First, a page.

Middle Village crematorium to commemorate famous people it cremated


| ejankiewicz@queenscourier.com |

THE COURIER/Photo by Eric Jankiewicz
THE COURIER/Photo by Eric Jankiewicz

The Fresh Pond Crematory's Gothic Room where the ashes of the dead are placed in niches.

Queens’ oldest crematorium takes a look back at its history this summer with an exhibit that memorializes the many celebrities that have been cremated there.

Fresh Pond Crematory plans on opening the exhibit this summer. The project is lead by the crematorium’s nonprofit corporation president Joseph Peter Troia. Since opening in 1884, the Middle Village establishment has processed celebrities like the rapper Biggie Smalls (full name Christopher George Latore Wallace) and the banker John Pierpont Morgan. Troia wants to commemorate this by establishing a series of pictures and symbolic urns for these people.

“We’re doing this to let people know that [cremation] is an option and that many people have chosen it before,” said Troia, who has been working at the crematorium since 1964 when he started as an office clerk.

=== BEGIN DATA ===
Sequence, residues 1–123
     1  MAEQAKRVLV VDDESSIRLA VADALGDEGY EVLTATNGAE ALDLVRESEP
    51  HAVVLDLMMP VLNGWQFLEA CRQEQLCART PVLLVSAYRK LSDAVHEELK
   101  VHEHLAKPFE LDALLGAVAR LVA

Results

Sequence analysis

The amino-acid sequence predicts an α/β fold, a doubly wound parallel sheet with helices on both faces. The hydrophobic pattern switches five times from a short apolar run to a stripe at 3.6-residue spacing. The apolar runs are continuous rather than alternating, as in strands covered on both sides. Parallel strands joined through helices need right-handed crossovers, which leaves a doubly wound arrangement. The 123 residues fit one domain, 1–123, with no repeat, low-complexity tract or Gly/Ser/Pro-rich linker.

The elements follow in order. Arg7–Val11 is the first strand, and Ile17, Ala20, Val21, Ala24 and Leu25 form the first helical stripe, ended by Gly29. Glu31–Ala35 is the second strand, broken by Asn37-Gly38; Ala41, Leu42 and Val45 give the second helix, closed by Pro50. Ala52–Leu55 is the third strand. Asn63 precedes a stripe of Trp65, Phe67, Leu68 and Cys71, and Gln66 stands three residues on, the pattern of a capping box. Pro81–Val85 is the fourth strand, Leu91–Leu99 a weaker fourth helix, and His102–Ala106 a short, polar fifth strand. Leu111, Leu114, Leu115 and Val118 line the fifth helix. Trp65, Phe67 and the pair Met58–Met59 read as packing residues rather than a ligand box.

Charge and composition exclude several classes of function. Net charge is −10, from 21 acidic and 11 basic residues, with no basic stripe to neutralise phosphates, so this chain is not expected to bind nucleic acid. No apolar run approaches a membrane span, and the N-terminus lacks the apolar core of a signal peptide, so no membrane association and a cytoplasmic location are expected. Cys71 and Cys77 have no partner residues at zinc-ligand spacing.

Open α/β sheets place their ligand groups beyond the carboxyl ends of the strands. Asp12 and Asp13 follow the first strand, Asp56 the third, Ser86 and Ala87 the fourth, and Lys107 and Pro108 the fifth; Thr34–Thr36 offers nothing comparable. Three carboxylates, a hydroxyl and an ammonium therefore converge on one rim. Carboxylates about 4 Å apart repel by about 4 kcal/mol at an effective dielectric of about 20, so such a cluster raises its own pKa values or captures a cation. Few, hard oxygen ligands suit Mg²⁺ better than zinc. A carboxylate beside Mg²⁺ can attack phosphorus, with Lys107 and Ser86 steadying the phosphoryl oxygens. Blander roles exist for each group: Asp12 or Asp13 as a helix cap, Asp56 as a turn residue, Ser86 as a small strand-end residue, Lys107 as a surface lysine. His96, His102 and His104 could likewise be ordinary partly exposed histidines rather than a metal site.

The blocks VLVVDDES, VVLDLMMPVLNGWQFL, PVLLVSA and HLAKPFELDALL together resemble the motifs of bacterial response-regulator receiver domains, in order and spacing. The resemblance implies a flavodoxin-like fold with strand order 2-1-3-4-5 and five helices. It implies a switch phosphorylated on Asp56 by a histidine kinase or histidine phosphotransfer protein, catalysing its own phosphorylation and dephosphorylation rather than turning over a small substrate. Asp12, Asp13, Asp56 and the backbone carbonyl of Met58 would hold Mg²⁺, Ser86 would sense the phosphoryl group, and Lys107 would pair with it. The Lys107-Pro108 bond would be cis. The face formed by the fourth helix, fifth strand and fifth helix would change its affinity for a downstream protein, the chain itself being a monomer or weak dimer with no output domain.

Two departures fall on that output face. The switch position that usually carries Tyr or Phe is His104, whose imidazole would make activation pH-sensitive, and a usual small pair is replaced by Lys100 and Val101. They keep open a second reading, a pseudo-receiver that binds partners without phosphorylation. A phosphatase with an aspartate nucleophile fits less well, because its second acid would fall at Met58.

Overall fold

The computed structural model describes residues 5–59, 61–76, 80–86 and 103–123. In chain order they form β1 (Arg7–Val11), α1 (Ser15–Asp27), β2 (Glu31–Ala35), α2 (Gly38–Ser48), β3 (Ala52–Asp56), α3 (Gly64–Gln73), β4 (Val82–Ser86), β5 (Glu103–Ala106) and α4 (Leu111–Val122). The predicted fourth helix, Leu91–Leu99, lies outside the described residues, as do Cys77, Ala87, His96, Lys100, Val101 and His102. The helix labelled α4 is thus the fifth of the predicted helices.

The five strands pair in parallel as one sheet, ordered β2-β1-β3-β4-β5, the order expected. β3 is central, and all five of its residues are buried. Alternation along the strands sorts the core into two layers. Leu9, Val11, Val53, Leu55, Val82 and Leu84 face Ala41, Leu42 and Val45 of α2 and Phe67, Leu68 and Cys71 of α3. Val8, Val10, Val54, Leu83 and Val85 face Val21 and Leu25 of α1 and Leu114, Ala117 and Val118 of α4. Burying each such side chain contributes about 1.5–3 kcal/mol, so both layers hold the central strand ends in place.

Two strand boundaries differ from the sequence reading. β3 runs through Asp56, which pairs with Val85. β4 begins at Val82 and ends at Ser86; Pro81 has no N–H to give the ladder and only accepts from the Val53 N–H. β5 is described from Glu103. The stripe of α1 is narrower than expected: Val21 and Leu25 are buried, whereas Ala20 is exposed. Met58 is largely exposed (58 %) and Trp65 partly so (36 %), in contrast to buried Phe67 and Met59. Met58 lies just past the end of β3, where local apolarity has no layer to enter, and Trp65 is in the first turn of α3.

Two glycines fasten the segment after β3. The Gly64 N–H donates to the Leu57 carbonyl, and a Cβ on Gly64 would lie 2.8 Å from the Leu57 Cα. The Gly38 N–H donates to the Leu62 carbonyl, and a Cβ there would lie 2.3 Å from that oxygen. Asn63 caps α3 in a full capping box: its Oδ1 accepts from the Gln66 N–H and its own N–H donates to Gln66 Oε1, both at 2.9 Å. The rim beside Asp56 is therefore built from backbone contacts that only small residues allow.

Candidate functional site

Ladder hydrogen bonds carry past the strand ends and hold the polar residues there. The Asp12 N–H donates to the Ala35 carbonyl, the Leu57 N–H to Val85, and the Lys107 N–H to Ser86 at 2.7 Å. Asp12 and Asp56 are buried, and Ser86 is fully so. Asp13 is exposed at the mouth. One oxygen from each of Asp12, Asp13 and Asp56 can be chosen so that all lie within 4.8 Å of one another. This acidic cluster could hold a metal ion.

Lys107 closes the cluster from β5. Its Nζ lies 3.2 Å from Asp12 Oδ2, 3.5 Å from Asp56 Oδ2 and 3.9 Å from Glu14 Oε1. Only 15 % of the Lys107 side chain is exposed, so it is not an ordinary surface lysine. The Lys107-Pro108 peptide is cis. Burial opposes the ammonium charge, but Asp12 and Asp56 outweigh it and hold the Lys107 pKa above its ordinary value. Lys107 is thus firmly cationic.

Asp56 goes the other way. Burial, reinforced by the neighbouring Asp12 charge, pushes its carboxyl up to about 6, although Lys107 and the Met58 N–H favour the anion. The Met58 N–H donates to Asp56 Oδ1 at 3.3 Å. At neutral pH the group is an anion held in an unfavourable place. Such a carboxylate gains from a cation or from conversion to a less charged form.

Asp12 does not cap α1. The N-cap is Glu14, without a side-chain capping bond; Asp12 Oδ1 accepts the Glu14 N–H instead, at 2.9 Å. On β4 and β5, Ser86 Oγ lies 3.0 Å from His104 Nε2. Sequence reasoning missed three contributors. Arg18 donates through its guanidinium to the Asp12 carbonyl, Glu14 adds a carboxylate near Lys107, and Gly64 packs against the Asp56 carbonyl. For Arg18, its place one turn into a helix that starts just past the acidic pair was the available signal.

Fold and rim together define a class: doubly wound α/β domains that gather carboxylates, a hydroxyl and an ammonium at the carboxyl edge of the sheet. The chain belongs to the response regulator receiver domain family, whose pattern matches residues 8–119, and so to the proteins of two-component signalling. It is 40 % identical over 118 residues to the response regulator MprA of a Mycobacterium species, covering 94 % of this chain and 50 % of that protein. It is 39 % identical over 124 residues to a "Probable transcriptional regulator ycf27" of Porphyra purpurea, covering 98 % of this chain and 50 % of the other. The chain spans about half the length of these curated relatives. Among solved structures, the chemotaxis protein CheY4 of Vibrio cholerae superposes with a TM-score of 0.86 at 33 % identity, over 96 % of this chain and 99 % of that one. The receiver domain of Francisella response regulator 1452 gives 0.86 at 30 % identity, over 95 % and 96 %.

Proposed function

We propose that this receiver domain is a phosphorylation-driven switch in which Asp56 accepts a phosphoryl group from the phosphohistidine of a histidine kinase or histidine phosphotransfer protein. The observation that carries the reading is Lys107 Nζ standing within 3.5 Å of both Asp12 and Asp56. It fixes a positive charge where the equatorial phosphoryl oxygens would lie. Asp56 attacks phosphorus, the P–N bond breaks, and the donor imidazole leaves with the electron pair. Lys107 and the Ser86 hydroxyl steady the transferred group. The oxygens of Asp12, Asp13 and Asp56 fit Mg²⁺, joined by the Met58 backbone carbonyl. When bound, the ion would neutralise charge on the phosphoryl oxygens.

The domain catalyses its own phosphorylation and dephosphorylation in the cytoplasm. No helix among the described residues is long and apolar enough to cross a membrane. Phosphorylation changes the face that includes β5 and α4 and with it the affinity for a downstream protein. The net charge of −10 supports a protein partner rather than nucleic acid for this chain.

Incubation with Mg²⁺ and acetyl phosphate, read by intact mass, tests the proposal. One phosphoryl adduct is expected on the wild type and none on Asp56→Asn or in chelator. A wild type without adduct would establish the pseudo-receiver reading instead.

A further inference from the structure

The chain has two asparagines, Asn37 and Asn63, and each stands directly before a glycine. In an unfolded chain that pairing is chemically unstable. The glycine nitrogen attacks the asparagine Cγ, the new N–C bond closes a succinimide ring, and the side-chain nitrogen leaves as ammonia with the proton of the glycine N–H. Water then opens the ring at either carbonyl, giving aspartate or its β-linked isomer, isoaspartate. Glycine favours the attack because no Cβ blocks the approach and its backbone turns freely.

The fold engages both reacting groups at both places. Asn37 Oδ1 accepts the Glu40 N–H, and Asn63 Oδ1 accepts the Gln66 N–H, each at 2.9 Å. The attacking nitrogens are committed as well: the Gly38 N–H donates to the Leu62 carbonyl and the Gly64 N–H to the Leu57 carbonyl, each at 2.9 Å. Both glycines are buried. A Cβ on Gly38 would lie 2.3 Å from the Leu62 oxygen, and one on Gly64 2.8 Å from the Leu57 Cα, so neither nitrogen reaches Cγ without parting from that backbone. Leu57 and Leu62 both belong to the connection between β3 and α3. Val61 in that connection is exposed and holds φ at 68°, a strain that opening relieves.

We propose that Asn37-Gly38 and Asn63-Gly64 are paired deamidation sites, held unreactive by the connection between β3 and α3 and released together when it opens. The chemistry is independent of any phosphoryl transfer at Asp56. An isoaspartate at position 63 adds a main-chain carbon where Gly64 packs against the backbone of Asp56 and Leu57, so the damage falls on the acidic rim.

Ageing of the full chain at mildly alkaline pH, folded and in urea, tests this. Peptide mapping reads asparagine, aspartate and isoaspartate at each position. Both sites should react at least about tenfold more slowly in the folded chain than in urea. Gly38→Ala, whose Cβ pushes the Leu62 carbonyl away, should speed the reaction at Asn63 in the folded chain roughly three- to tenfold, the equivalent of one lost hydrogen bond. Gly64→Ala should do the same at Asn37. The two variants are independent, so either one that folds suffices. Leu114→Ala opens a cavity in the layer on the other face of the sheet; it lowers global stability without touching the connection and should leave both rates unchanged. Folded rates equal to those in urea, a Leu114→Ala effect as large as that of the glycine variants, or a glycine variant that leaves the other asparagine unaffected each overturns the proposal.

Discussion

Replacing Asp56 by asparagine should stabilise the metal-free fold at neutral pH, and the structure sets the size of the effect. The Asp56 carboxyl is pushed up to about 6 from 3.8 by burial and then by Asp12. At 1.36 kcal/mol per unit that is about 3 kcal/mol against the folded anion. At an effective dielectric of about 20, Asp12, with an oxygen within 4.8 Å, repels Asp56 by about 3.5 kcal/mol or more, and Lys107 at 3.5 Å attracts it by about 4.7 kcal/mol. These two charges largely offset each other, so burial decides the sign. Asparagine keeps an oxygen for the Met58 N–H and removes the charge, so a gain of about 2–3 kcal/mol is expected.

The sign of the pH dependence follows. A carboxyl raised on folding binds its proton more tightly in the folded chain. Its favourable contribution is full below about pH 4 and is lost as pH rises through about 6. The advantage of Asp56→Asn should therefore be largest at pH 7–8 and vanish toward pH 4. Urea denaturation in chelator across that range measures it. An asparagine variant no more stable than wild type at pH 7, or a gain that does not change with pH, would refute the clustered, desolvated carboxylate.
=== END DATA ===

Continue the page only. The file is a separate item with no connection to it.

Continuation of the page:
With only three furnaces, the crematorium holds about 40,000 people in 16,000 niches. These niches are a crematorium’s version of a plot.

“These are not just ashes,” Troia said. “They’re human cremated remains.” And the layout of the facility reflects this belief. Most of the rooms are lined with these niches and given names like Hall of Serenity and the Gothic Room.

Some other notables that made their last corporeal stop here are John Savage, Lou Gehrig, Ringer Lardner and Bruno Richard Hauptmann, the convicted kidnapper and killer of the infant Charles Lindbergh. All of these people, and more, will be memorialized in the crematorium’s exhibit.

While most of these people don’t have their remains in the crematorium, Anton Seidl, a Hungarian composer who worked with Richard Wagner, is placed high in a huge urn in a room that smells like the Metropolitan Museum, with all its age and history.

The crematorium is located near a highly dense area of cemeteries.

“New York City can only hold so many of our dead in the ground,” he said. “We’re conserving land here.”

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